Your colony may not be strong enough yet, or you may not be on a decent enough honey flow for the bees to have surplus honey to store in the flow frames. A strong colony on a honey flow will be looking for somewhere to store honey & the flow frames will work just fine if there is nowhere else for them to store it.
Ryan, you may have already considered this so please ignore if you have, but following on from what Jeff has said, even though the hive is healthy, is it actually packed with bees or is there empty space in the brood and rest of the hive? I found that a busy looking hive can sometimes have too much room when you really open it up and get to the bottom of it. A quick lift up of the back of the hive (if you can can) will give you a rough idea about the weight of honey etc. in it. Because you have your other hives you can do a quick comparison. Not sure what you have below the flow super but I have found if you only just look below the flow super it can be deceptive because sometimes they move the honey up high. RBK’s suggested wax coating looks excellent too.
Hi Ryan, I would be interested to know if you are using full flow supers or a hybrid box. Mine and a fellow flow beekeeper have found our bees refuse to use hybrid box flow frames, but freely use the 6 frame box of flow frames which is directly above it, no problem.
Have you coated the Flow frames in wax? If so, which method did you use?
…and my experience is that the bees preferentially use the hybrid super over the full flow super irrespective of how I have the supers stacked.
Hi RBK, yes I coated the frames with wax, I used a roller to put the melted wax on. The bees have sealed the frames and store nectar in different cells, around the edge, nothing in the middle. Then I check a few days later and it’s gone😜 This has been going on for about 16 months.
Hi Alan, well that’s interesting! I guess all bees are not the same. I wonder what would happen if I requeened from a different supplier?
@Timbo2 If you remember to ask me in about 2yrs I might be able to offer an answer. That’s about how long I think it will be before I commit regicide…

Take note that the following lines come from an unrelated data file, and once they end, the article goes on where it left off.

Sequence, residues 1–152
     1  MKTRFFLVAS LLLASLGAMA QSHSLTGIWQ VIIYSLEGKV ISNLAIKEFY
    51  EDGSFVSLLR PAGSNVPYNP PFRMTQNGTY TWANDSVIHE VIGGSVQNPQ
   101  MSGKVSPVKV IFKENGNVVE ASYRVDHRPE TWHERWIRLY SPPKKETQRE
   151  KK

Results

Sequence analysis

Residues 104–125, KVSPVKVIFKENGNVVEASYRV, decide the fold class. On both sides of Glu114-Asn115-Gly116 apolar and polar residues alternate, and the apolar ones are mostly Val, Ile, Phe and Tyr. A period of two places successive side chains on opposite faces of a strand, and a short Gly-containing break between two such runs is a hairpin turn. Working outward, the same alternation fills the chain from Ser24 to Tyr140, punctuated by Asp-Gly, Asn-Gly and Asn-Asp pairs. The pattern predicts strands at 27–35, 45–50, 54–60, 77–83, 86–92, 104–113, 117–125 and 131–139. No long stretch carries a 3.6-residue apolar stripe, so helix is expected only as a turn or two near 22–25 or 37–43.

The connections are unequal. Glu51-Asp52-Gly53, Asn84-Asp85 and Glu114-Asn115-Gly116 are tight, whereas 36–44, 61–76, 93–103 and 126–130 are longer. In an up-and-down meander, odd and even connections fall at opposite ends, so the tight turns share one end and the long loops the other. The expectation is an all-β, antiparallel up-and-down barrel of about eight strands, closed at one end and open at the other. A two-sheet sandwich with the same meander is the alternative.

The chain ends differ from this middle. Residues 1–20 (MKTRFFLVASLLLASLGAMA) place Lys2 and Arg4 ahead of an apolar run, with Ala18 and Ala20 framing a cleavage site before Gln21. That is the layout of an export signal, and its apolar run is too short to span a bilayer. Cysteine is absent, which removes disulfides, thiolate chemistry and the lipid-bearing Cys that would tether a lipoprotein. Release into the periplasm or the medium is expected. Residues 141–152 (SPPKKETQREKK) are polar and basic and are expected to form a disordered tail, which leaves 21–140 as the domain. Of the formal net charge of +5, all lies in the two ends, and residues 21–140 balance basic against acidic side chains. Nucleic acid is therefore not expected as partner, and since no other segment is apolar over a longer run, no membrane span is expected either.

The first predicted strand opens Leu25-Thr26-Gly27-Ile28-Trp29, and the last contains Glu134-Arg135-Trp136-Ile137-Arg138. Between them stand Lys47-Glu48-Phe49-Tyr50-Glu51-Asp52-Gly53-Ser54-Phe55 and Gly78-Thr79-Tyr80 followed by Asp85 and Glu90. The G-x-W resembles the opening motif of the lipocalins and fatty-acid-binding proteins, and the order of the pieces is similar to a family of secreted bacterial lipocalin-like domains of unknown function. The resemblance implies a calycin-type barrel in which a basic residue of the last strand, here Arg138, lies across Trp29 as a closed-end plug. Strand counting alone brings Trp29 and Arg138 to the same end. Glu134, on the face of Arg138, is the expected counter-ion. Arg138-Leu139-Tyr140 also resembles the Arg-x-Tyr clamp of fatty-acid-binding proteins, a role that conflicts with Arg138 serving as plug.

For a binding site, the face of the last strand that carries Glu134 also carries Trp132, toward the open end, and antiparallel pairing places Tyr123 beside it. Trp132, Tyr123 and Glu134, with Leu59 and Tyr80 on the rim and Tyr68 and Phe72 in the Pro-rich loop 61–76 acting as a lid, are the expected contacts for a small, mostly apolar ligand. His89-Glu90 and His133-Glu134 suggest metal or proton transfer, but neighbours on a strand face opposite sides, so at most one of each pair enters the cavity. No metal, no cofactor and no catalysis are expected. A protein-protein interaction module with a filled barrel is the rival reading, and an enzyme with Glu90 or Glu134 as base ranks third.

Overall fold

My queen is fantastic thus far…I wish I could clone her…!
Thank you all for your helpful comments and encouragement. Weather permitting this weekend, I will remove the flow frames, wax them and I plan to move up one frame of worker brood and place in the center. It will be a bit odd since I do not use deep frames, and I assume they will add some funky comb below to fill the gap. This will be the first time i do any hybrid mixing of frames.
Below my empty flow hive super i have a queen excluder and two supers with shallow frames all filled with brood and appropriate resources. It’s a healthy hive…
Hi there @RyanPhelan - so much good advice here…not sure if someone already said this and I missed it, but I thought I’d suggest to check that your flow frames are set in the “closed” position.
Follow-up comment. We inspected our hive in urban San Diego today. The recent hive weight gain has looked like this, about 600 to 700 grams per day:
The Flow frames are largely unfilled, but the two center frames are about 10-20% filled with uncapped honey, and there are many cells which are being lined with wax. Looking at the brood box, there are plenty of food stores, but also plenty of empty cells for the queen to lay. We spotted the queen and she looked peaceful and busy. So I don’t know if we will have a harvest this year, but I would say that pushing in blobs of burr comb and dribbling Honey-B-Healthy syrup onto a few frames worked for us. Wishing you luck too!
My bees have gone into both of my flow hives with no problem. No loss over winter.